Shades of Mediocrity

At a workshop a few weeks ago, the presenters opened with a quote that I keep forgetting to bring home, but went something to the effect of: “The only people who feel successful are those who are willing to put up with mediocrity.”  I’m pretty sure their point was that none of us was supposed to feel successful because we’re saving children for God’s sake!  We must push onward and upward and do it better next time!  With lots of positive statements about how the only thing standing between now and the world where all children are happy Harvard graduates is how hard we work!  The teachers, not the kids.

What bothered me about the quote, though, was not the words themselves, or even the message–because, come on, why else would I go into teaching unless I actually thought, deep down that my effort alone could actually save children.  No, what bothered me was my immediate reaction.  I read the quote and the first though that showed up, happily sitting on the front stoop waiting to come on in, was “Yes!  Mediocrity = feelings of success!  Sign me up for some of that!”

Now that I think about it, the ONLY thing I took away from that hour-long presentation was that I could feel successful in what I do if I lower my personal expectation.  Clearly, my expectations for myself are currently way too high if I need to work 10 hour days (and feel like I should work 12) in order to do all the things I envision.  And it’s become obvious that they’re way too high for the people around me because I keep expecting kids to turn in all their work and administrators to actually show up at the lunch time meetings they planned. Details.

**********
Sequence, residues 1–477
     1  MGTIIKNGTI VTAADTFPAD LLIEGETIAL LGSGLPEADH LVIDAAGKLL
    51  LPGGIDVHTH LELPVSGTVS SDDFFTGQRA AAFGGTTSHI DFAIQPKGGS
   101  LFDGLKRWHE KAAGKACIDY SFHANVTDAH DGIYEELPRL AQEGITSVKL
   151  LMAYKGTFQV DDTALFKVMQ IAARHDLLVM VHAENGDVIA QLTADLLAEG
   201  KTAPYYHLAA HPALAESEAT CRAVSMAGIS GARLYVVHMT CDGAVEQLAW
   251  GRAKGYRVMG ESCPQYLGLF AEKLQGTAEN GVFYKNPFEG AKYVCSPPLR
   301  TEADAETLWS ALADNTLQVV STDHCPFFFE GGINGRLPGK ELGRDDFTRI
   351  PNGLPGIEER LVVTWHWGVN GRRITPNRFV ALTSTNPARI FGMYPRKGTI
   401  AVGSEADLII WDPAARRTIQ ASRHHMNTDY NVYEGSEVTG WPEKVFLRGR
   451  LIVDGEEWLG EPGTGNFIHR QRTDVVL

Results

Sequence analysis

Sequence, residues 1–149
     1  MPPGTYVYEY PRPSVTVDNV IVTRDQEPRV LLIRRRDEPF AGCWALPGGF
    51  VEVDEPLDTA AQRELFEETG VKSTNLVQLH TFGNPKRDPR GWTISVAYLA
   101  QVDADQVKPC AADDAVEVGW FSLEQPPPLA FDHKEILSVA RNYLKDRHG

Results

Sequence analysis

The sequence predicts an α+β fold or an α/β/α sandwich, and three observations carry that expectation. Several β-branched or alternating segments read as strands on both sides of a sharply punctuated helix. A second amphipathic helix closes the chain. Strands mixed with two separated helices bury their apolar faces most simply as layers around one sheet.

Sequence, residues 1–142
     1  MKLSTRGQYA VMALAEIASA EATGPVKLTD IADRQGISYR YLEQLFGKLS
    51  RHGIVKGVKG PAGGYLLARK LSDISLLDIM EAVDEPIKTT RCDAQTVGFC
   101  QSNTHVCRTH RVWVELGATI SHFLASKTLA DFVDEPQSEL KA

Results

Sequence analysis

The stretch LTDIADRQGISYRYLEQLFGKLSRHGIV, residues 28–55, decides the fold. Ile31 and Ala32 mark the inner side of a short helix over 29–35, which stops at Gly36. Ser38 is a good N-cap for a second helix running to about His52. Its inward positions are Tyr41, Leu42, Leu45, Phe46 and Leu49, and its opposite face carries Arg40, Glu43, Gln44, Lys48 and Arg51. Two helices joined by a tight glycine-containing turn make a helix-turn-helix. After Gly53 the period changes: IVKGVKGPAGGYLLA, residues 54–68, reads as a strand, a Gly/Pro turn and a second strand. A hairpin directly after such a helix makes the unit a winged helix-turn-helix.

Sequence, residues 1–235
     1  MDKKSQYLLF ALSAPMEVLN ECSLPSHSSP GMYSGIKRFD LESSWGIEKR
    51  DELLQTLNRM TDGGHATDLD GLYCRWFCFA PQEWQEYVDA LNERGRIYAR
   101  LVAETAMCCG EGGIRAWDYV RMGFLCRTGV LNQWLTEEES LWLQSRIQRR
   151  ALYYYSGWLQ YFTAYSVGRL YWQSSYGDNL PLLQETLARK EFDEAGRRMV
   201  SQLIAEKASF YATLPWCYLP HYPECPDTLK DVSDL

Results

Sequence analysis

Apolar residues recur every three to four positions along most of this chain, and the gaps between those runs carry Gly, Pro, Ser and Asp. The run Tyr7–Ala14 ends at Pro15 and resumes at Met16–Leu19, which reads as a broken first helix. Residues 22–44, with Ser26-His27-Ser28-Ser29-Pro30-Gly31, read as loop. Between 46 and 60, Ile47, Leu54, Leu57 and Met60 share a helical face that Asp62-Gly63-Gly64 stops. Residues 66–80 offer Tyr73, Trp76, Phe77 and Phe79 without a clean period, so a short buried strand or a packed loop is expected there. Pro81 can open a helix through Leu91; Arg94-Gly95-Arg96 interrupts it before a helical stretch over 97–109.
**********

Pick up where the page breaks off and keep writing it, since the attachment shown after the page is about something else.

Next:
The trouble is, I have no idea how to go about working toward mediocrity.  Is that something someone can even work toward?  Do I have to study?  Should I make a list of all the things I could let slide, or perhaps rank order them and then find a reasonable cut off?  Is it possible to work too hard at trying to be mediocre?  Is that still mediocrity?

It has been pointed out to me that I could also try just walking out the door at 4:30 in the afternoon and then come back again the next day, but I don’t think that will work because who will grade all the papers and plan fabulous lessons with lots of bad white board drawings and arm waiving?  And if no one grades the papers, won’t the kids all suffer dire consequences?  Or at least get a paper cut?

I’m still having trouble with this theory, but I’m working on it.  And once I get it all figured out, I’ll let you know in thorough detail.  It’ll be perfect. 🙂

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